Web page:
Competitive Eaters: You Won’t Believe How Much These Animals Consume
A human will get crowned a champ if he inhales 68 hot dogs in 10 minutes. But that's nothing compared to these champion — and, in some cases, rather intrepid — eaters in the animal kingdom.
These cuddly bears can ingest between 20 to 40 pounds of bamboo per day — during mealtimes that can last up to 16 hours!
Although they can pack on up to 200 tons, blue whales live entirely on a diet of tiny marine invertebrates called krill, so they've got to eat a lot of them. Translation: They can consume four tons in a single day!
Human eating competitors may seem fast — but they're not nearly as quick as the chameleon. When this bright green critter's sticky tongue shoots out to snatch prey, it accelerates from 0 to 20 feet per second . . . in just 20 milliseconds.
In the animal kingdom, there's no size requirement for a champion eater: The brown bat is only about four inches long, and weighs less than an ounce, but he can eat 1,000 mosquitoes in a single hour.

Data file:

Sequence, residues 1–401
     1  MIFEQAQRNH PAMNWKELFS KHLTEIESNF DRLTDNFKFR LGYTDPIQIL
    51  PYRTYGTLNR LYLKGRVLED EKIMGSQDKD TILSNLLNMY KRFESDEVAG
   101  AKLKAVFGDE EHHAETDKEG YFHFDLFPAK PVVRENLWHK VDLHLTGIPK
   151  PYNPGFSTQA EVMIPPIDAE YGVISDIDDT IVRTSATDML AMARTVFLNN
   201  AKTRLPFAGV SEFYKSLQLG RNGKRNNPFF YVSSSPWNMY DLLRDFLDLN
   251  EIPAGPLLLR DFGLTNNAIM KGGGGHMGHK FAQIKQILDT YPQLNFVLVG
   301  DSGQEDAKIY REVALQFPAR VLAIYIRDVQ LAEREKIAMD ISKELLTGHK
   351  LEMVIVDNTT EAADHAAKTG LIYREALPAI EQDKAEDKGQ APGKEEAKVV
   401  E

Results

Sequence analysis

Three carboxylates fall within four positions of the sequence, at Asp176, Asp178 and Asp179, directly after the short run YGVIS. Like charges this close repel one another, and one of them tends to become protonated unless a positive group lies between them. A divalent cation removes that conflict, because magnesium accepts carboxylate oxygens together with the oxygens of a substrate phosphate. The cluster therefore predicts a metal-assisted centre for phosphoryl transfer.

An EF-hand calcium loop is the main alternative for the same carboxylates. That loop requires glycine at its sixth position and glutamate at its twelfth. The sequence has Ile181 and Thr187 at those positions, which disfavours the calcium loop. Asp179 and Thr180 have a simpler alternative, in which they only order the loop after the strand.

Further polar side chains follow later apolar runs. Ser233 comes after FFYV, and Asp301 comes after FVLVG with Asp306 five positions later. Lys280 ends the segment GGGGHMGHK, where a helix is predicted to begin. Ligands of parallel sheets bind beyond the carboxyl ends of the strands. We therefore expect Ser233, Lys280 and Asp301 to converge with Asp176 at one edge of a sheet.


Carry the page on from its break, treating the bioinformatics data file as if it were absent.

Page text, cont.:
For some critters, eating is a team sport. A single locust can consume his weight in foliage — but when they gather in swarms of up to 80 million insects, they can ingest over 4 million pounds of plant material in a day.
Spicy foods can be a competitive eater's worst nightmare — in Scotland, a hot curry competition sent two people to the hospital. But fiery foods aren't an issue for birds: Their pain receptor cells are insensitive to capsaicin, the active ingredient in peppers that brings on that mouth-burning sensation.
The strongest biter alive is the crocodile. The saltwater croc, for example, can chomp down with a force of 3,700 pounds. Their ancestors were champions as well — scientists have calculated that extinct crocodiles were able to bite twice as hard as a Tyrannosaurus rex.